ST. LOUIS — A dense fog bank lined the Mississippi riverfront at St. Louis Wednesday morning. Bommarito Automotive Group SkyFOX Helicopter captured epic images of the Gateway Arch before a sea of clouds. The FOX 2 photographer in the helicopter, Doug Larson, says that this is a rare sight to see. The weather phenomenon only happens a few times a year, in the spring and in the fall.
Meteorologist John Fuller explains that what we saw this morning is called radiation fog. It is also known as ground fog or valley fog. It happens when there is a clear sky, little wind, and high humidity. The fog is produced when the air near the ground is cooled to saturation.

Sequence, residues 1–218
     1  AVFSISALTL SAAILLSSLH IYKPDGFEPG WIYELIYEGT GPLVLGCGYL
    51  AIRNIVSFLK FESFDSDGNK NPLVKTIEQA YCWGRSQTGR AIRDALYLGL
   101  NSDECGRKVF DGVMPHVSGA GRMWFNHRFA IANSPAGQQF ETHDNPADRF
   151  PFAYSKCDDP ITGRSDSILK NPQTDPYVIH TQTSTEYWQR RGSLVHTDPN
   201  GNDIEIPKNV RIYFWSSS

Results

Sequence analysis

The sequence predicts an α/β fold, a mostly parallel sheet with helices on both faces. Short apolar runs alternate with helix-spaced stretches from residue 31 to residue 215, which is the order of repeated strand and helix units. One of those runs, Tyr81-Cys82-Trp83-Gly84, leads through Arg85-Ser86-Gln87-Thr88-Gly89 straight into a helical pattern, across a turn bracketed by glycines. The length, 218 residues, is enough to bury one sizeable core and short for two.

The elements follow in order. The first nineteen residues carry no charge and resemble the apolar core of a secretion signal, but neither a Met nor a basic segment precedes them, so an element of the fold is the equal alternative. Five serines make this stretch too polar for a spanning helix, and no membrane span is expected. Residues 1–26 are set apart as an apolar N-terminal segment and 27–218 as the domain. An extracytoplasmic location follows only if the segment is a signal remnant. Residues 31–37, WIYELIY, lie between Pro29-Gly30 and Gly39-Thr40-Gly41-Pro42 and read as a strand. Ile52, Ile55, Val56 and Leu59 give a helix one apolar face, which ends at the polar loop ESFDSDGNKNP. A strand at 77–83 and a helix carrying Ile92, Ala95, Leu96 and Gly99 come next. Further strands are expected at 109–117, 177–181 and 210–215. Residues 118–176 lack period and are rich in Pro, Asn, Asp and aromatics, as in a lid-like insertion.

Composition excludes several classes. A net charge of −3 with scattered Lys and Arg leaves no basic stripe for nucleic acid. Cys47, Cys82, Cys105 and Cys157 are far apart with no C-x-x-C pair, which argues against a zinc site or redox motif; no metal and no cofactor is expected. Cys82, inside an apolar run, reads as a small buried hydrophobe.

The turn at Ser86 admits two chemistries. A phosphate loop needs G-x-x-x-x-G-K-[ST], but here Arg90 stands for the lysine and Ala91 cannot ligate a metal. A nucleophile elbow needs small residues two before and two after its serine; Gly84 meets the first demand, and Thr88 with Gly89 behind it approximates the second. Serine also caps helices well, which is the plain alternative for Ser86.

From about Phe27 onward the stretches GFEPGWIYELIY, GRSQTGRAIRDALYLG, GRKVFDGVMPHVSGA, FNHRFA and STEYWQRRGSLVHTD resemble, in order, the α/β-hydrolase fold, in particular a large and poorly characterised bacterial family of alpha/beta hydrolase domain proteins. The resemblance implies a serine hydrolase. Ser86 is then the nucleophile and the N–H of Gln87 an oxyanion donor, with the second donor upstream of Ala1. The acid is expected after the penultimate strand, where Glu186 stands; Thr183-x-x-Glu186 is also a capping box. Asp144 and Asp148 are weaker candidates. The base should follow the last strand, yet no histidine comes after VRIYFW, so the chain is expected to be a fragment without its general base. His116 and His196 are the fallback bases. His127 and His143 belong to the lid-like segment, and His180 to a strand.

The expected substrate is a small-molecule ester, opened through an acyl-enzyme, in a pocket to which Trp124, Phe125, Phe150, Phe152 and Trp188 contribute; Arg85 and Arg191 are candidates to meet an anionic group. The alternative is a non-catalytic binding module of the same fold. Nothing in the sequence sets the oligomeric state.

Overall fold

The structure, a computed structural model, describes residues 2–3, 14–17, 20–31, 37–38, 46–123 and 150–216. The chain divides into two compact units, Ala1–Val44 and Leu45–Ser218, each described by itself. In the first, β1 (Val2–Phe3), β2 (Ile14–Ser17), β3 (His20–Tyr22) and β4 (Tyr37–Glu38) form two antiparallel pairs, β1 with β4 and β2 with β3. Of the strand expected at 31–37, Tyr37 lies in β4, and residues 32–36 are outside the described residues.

The conditions were right along the Mississippi River at St. Louis to create this epic fog bank Wednesday. Larson says it is not something he often sees on his daily flights over St. Louis.
In this case, the chilly river water was cooling the humid air. The fog dissipates as temperatures rise during the day. That is why you usually see this sort of fog in the early morning or at night.
The pictures of the fog at sunrise are a hit on social media, with hundreds of likes and comments. One FOX 2 fan writes on Facebook, “STL would look good as a bay city.” Another fan replied, “Fog is beautiful unless you have to drive in it.”